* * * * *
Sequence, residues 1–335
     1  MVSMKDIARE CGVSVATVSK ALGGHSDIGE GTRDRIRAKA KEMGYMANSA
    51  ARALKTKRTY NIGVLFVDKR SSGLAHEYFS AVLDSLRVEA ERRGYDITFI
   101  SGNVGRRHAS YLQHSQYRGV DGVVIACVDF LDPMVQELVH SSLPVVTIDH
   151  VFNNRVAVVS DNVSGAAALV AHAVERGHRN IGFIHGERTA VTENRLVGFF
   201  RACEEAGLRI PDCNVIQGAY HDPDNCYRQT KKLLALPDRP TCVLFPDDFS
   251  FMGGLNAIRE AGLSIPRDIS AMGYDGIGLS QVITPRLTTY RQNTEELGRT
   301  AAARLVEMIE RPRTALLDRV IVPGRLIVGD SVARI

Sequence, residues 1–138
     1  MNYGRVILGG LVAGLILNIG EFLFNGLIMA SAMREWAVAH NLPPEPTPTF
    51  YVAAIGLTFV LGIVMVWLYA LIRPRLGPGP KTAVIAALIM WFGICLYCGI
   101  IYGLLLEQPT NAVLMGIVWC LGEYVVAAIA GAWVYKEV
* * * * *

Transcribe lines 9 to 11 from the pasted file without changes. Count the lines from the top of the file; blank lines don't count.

Sequence, residues 1–138
     1  MNYGRVILGG LVAGLILNIG EFLFNGLIMA SAMREWAVAH NLPPEPTPTF
    51  YVAAIGLTFV LGIVMVWLYA LIRPRLGPGP KTAVIAALIM WFGICLYCGI